extended a loan which the L/C represents to the importer,
and by that loan, the importer should be the real owner of

the goods. If under the trust receipt the bank is made to


appear as the owner, it was but an artificial expedient, more
of a legal fiction than fact, for if it were really so, it could
dispose of the goods in any manner it wants, which it cannot
do, just to give consistency with the purpose of the trust
receipt of giving a stronger security for the loan obtained by
the importer. To consider the bank as the true owner from
the inception of the transaction would be to disregard the
loan feature thereof, a feature totally absent in the case of
the transaction between the jewel-owner and his agent.
Consequently, if only from the fact that the trust receipt
transaction is susceptible to two reasonable interpretation,
one as giving rise only to civil liability for the violation of the
condition thereof, and the other, as generating also criminal
liability, the former should be adopted as more favorable to
the supposed offender. (Duran vs. CA, L-39758, May 7,
1976, 71 SCRA 68; People vs. Parayno, L-24804, July 5,
1968, 24 SCRA 3; People vs. Abendan, L-1481, January
28,1949,82 Phil. 711; People vs. Bautista, L-1502, May 24,
1948, 81 Phil. 78; People vs. Abana, L-39, February 1, 1946,
76 Phil. 1.)
There is, moreover, one circumstance appearing on record,
the significance of which should be properly evaluated. As
stated in petitioner's brief (page 2), not denied by the
People, "before the Continental Bank approved the
application for a letter of credit (Exhibit 'D'), subsequently
covered by the trust receipt, the Continental Bank examined
the financial capabilities of the applicant, Metal
Manufacturing Company of the Philippines because that was
the bank's standard procedure (Testimony of Mr. Ernesto
Garlit, Asst. Manager of the Foreign Department, Continental
Bank, t.s.n., August 30, 1965). The Continental Bank did not
examine the financial capabilities of herein petitioner, Jose

O. Sia, in connection with the same letter of credit. (Ibid). "


From this fact, it would appear as positively established that
the intention of the parties in entering into the "trust
receipt" agreement is merely to afford a stronger security
for the loan evidenced by the letter of credit, may be not as
an ordinary pledge as observed in P.N.B. vs. Viuda e Hijos de
Angel Jose, et al., 63 Phil. 814, citing In re Dunlap C (206
Fed. 726) but neither as a transaction falling under Article
315-1 (b) of the Revised Penal Code giving rise to criminal
liability, as previously explained and demonstrated.
It is worthy of note that the civil liability imposed by the
trust receipt is exclusively on the Metal Company. Speaking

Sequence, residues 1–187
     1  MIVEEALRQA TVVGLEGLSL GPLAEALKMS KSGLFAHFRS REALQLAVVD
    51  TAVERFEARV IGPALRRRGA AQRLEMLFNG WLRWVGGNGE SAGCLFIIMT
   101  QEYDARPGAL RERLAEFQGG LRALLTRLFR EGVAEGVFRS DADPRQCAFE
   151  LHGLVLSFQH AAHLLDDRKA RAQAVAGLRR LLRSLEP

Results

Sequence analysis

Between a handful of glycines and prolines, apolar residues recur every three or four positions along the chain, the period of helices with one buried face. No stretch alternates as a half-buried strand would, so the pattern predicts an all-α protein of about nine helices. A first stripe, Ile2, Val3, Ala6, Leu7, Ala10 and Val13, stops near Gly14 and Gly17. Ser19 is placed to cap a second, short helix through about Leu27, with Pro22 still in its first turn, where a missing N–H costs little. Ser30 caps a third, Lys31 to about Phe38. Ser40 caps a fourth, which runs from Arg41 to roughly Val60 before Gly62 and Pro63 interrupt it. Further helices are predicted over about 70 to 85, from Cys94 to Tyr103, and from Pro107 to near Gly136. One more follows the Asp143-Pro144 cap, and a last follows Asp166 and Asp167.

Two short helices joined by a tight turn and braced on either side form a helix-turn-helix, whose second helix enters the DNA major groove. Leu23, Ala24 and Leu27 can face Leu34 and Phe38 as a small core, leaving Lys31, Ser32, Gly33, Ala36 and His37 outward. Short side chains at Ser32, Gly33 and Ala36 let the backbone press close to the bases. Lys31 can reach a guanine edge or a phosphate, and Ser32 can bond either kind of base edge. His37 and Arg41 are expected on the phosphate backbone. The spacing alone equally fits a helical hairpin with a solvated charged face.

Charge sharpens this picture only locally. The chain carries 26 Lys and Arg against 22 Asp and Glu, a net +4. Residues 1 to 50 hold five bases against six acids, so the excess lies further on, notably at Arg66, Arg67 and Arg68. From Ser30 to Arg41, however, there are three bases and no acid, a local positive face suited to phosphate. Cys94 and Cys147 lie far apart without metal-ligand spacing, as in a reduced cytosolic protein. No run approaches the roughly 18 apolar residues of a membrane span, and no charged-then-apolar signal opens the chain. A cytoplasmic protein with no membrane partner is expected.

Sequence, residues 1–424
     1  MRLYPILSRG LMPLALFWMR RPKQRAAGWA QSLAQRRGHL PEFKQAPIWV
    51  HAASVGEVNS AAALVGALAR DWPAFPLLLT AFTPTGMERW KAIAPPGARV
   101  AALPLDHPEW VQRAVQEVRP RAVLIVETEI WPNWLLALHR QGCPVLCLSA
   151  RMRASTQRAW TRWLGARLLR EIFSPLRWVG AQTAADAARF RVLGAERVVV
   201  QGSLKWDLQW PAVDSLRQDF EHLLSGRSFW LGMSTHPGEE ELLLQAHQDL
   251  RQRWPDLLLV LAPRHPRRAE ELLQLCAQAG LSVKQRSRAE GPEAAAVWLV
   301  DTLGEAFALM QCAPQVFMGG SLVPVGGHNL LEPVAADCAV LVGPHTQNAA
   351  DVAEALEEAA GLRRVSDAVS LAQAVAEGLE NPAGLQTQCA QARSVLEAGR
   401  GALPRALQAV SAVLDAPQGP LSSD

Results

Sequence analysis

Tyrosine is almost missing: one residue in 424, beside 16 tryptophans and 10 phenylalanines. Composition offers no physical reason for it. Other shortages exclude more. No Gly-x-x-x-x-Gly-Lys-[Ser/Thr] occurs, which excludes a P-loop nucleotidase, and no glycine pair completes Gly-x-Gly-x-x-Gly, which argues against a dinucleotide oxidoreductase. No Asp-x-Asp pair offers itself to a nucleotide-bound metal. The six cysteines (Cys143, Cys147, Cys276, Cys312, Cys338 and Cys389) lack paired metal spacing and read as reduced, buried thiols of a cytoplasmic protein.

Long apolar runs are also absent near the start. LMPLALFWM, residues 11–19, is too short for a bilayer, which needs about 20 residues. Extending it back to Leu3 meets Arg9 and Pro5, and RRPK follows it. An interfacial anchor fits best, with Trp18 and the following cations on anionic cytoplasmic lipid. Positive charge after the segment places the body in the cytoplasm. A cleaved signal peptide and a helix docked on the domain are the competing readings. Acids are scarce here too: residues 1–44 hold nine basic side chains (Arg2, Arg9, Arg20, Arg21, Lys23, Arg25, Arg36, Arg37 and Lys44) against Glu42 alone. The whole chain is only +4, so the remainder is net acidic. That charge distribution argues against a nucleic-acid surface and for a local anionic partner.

of such liability alone, as one arising from the contract, as
distinguished from the civil liability arising out of a crime,
the petitioner was never intended to be equally liable as the
corporation. Without being made so liable personally as the
corporation is, there would then be no basis for holding him
criminally liable, for any violation of the trust receipt. This is
made clearly so upon consideration of the fact that in the
violation of the trust agreement and in the absence of
positive evidence to the contrary, only the corporation
benefited, not the petitioner personally, yet, the allegation
of the information is to effect that the misappropriation or
conversion was for the personal use and benefit of the
petitioner, with respect to which there is variance between
the allegation and the evidence.
It is also worthy of note that while the trust receipt speaks of
authority to sell, the fact is undisputed that the imported
goods were to be manufactured into finished products first
before they could be sold, as the Bank had full knowledge of.
This fact is, however, not embodied in the trust agreement,
thus impressing on the trust receipt vagueness and
ambiguity which should not be the basis for criminal

prosecution, in the event of a violation of the terms of the


trust receipt. Again, P.D. 115 has express provision relative
to the "manufacture or process of the good with the purpose
of ultimate sale," as a distinct condition from that of "to sell
the goods or procure their sale" (Section 4, (1). Note that
what is embodied in the receipt in question is the sale of
imported goods, the manufacture thereof not having been
mentioned. The requirement in criminal prosecution, that
there must be strict harmony, not variance, between the
allegation and the evidence, may therefore, not be said to
have been satisfied in the instance case.
FOR ALL THE FOREGOING, We reverse the decision of the